Back around the first of July, 2016 I had a quick phone call with Thom Jorgensen as he was driving from Michigan to South Carolina. Thom was making one of his regular treks to “Wild Things” in South Carolina. Thom informed me that this trip was primarily to be spent helping Andrew, owner of Wild Things, by moving some stands, feeders and blinds for the upcoming fall hunting season. Yet, he was hoping to spend a little time looking for some bacon and specifically to try out the new Single Bevel Magnus broadhead offered by Simply Traditional. Immediately I reminded Thom that to my knowledge no one had hunted with one of these new heads yet and it would be very cool if he were the first to take an animal with one since it was a discussion with Thom in 2015 that led me to speak with Thunder Valley about a Single Bevel offering. Our call ended early due to poor cell service but I wished Thom luck and went back to work.
The next evening my phone rang and when I looked at the screen and saw it was Thom I was pretty sure this was going to be good news. I answered to an excited Thom on the other end, he quickly informed me that he had indeed shot a hog with the Magnus and I anxiously awaited the outcome since I knew the temps that day had been in the low 100s where Thom was in South Carolina.
I will let you read the report from Thom in his own words from the email he sent me a week later.
I am very happy to announce that I have had an opportunity to use the new single bevel Magnus head on live game, and it exceeded my expectations! I plan to write a story about the hunt itself at a later date, so I will be sticking to the raw facts of the tackle and its performance in the report below.
The head used was the Left Bevel 150 grain Magnus Classic from your store. I created a Tanto Tip with a small file by hand, otherwise the head was unmodified. I used JB Weld to adhere the head to a custom 250 grain stainless steel insert/adapter combo from Jon Hand from Traditional Archery Solutions. That was in turn JB Welded into one of your Black Eagle Outlaw shafts in .300 spine. This particular arrow was fletched with four parabolic feathers measuring 4” long at 90 degrees. Total grain weight of the recovered arrow was 724 grains. I calculate the Forward Of Center at 28.4 percent using the AMO method. The day of the hunt I finished the edge by stropping on the top of my truck window after which I confirmed hair-popping sharpness with both sides of the blade before putting it into my quiver.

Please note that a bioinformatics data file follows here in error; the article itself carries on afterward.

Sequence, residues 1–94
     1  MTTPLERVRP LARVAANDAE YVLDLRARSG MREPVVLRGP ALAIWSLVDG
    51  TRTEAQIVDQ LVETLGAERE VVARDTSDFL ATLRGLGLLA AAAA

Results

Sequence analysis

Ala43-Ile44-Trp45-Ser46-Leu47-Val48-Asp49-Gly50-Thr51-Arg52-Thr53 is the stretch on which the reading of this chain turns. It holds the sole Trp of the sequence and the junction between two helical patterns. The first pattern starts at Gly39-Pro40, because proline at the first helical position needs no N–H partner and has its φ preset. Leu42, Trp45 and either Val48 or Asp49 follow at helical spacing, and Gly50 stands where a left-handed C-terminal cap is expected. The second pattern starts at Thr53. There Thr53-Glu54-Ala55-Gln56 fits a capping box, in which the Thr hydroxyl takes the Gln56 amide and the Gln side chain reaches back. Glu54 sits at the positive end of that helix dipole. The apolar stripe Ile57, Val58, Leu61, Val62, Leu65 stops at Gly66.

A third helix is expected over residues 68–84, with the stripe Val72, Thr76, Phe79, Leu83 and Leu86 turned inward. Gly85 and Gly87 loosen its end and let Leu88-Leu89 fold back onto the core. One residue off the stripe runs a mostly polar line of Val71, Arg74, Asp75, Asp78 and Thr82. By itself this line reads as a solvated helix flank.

I shot the arrow from my 66” longbow, draw weight confirmed as 64 pounds at my 30.5” draw. Shot distance was 11 yards, taken from a 12 foot tall ladder stand. There was a string tracker used, but the spool has been used on previous game so there was no noticeable resistance influencing the arrow. The animal shot was a 155 pound boar feral pig.
The edge of the loin was severed before the arrow breached the rib cage just behind the diaphragm. There was no contact with the spine. The head sliced through the liver the entire path through the animal. The exit wound was slightly further back than the entrance and lower. The diaphragm was intact and no sign of any damage to either lung or the heart. The stomach did have a cut approximately two inches long.
The blood trail was much better than I expected after seeing my arrows point of impact. Good splashes were observed where the animal was standing when shot, and the trail was steady and improving with each step I followed it. Using mapping software and satellite images of the property, estimated recovery distance was 56 yards.
In summary, this was an unintentionally poor shot where the design of the head may very well have been the difference between success and failure. I pray we get to review some “double lung” results on some pronghorn antelope next month!
Congrats Thom on a fine hog and on the first animal taken with the Magnus Classic Single Bevel from Simply Traditional!!!!!